Major cuts in government funding could make it hard to find the cash to give care workers the national living wage.
That’s the warning from a senior Tory in Portsmouth despite the government making a commitment salaries would rise to £9 an hour across the public sector by 2020.
Chancellor George Osborne is expected to reveal measures to cushion the impact of the policy on November 25 when he presents the Autumn Statement and Comprehensive Spending Review.
But in the face of cuts across the board in government grants, councils say that having to find higher wages will be tough.
Councillor Luke Stubbs, who is in charge of health and social care in Portsmouth, said there was ‘nothing set aside’ to give to agencies with care home and home-visit staff on the books to compensate for the rise .
And he is urging the government to help given the pressures local authorities already face thanks to the austerity programme.
He warned the council could be landed with a £2m bill if ministers do nothing – a crippling situation given the city’s health and social care budget is already overspent by £2.4m.
It comes as Portsmouth revealed plans to cut £2.6m from the health and social care budget this week to ease the pressure on the public purse.
Sexual health and public health services are at risk of being reduced and redundancies are on the cards.
Cllr Stubbs says: ‘There are threats creeping up, and the most significant is the rise of the national living wage.
‘This is something the council and wider parties welcome, but if it’s unfunded, it will cause a huge cost pressure. Many of the people who work in care homes and in domiciliary care, are provided on quite low rates of pay. It would cost a great deal of money to compensate the providers for the high rate of pay. We are hoping we will get something from the government.
‘The government said years ago that any new additional burdens on local government would be compensated for.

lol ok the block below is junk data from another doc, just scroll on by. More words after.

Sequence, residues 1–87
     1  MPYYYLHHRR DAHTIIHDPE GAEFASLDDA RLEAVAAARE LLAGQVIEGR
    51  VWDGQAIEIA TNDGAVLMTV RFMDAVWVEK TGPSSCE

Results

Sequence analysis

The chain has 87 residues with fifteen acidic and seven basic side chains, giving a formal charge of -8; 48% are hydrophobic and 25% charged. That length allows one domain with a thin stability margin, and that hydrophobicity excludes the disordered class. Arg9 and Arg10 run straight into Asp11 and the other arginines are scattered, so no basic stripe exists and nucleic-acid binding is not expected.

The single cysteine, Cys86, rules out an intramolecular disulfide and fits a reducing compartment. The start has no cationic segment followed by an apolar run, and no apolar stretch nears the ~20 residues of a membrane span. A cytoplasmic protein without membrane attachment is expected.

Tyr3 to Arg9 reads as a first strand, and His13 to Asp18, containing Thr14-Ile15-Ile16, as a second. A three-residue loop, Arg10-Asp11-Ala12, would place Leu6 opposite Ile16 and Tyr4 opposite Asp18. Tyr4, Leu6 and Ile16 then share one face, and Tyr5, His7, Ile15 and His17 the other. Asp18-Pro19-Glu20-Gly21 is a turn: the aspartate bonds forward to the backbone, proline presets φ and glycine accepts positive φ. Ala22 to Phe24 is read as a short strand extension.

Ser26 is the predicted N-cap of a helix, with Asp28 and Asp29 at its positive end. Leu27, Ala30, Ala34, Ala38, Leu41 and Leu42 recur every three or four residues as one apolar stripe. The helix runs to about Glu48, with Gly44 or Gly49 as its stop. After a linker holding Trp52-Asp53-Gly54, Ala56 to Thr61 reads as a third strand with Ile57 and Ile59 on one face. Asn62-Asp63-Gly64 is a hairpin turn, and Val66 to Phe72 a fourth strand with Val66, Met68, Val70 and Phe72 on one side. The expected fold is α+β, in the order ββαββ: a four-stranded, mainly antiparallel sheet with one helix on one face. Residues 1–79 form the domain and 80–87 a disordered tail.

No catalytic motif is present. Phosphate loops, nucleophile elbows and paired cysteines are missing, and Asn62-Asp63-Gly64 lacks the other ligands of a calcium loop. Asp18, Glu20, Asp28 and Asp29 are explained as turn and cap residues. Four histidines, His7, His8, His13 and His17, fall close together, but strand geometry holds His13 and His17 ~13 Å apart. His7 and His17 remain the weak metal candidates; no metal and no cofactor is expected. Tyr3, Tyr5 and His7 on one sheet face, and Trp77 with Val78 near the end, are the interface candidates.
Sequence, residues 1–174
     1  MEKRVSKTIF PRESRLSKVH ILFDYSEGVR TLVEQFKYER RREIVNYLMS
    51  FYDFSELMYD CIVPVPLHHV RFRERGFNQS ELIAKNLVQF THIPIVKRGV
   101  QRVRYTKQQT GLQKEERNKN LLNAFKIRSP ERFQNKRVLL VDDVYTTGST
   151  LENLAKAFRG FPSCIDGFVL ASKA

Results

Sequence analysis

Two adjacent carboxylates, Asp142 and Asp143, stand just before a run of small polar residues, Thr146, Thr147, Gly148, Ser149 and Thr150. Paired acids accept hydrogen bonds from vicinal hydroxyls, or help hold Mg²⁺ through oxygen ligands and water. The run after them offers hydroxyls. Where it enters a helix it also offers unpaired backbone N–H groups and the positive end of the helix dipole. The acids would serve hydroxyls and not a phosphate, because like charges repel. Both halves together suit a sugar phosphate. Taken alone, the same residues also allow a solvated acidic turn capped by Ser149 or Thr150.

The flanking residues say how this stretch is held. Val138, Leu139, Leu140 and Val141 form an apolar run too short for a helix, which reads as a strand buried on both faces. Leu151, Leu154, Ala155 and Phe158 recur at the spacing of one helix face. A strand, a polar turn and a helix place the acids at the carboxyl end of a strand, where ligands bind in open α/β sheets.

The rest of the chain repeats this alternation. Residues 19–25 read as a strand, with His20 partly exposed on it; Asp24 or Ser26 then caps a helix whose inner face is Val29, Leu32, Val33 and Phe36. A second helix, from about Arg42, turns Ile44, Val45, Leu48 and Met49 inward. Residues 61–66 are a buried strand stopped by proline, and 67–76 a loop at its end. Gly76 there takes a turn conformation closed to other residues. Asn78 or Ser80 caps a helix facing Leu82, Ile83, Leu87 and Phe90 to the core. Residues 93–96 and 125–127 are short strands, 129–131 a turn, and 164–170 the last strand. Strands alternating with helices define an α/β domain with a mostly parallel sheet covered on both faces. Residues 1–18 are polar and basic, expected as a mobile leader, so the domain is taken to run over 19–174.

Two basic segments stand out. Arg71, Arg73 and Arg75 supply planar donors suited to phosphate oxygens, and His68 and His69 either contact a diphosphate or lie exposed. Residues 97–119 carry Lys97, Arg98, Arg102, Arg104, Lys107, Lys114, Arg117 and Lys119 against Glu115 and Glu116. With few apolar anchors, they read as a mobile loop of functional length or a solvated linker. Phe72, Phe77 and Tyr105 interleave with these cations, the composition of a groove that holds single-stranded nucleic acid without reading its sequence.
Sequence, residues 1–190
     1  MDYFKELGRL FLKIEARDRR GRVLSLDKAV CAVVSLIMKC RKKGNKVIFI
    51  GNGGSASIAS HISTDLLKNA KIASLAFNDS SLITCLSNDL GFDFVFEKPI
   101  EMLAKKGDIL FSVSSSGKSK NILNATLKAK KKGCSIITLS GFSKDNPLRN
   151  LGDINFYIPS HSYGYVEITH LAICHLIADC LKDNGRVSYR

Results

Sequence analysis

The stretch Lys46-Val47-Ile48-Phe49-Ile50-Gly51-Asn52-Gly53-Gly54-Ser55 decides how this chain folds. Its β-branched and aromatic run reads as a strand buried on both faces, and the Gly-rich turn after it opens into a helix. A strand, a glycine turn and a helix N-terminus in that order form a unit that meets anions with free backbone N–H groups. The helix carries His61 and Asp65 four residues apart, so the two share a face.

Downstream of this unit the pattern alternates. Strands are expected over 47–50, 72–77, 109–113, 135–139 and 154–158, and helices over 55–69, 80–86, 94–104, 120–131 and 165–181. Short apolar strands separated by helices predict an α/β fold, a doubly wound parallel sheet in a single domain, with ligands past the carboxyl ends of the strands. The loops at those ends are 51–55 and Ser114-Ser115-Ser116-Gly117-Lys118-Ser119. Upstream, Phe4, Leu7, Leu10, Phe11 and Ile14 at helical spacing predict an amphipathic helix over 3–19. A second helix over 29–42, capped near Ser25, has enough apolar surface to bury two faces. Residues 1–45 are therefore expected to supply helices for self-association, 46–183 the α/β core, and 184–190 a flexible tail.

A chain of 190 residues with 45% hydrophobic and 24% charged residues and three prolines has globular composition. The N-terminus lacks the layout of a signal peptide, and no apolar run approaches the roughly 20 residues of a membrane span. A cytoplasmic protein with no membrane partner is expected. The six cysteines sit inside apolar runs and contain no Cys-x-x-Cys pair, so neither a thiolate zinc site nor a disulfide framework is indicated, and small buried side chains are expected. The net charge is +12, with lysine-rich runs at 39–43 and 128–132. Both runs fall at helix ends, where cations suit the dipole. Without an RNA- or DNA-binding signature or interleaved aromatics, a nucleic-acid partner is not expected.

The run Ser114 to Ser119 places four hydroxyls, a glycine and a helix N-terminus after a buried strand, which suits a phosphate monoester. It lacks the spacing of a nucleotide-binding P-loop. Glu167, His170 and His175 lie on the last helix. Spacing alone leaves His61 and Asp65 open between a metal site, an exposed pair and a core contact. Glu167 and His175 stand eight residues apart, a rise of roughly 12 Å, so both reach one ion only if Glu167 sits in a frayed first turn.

‘If we’re not, it will create a huge problem, because we have got no money set aside to make this possible.
‘I am worried about it. It’s something that could easily be £500,000 a year more from next year, and if the living wage steps up to £9 a year that could cost us £2m a year by 2020.’
Chancellor George Osborne announced in his summer budget that a new national living wage for all workers aged over 25, starting at £7.20 an hour, would be introduced from April 2016, and would reach £9 by 2020.
It comes as a survey of more than 1,000 employers shows the change would have an effect on the wage bills of half of them.
The new rate will have the greatest impact in the retail and hospitality sectors, the research by the Chartered Institute of Personnel and Development and the Resolution Foundation found.
Employers were most likely to say they will respond by improving efficiency or productivity, absorb costs or take lower profits, or make redundancies or slow recruitment. The CIPD said firms that have started to think about the consequences are looking at efficiencies rather than cost-cutting.
Fewer than one in 10 said they would cut pay for the rest of their workforce, reduce hours or scale down investment plans.
Mark Beatson, chief economist at the CIPD, said: ‘The national living wage was a bombshell for most employers when it was announced in July. It comes into force next April, which does not give employers a lot of time to prepare.’
Unions meanwhile warn government cuts are much to blame for council staff, contractors and school assistants being paid too little.
Jon Woods, Unison Portsmouth branch chairman, said low salaries are encouraging a high turnover of staff and poorer services.
And Mr Woods, who has campaigned in support of the living wage, condemned the cuts but said leaders need to look at the ‘bigger picture’ and realise taking workers off benefits and paying them an improved salary will drive down costs.
He said: ‘We haven’t implemented the living wage in schools; there are a lot of teaching assistants, non-teaching assistants and clerical staff who are on a very, very low wage who would benefit from a living wage.
‘The big one is the care agency staff. The problem is there is a high turnover of staff, carers are often to trying to get a better job and will move on elsewhere.
‘What we would like to see is vulnerable people getting two or three carers as well who they know, so they feel valued and get the right quality of care.
‘There are some very good carers who work for very little wages, but the system works against continuity of care.’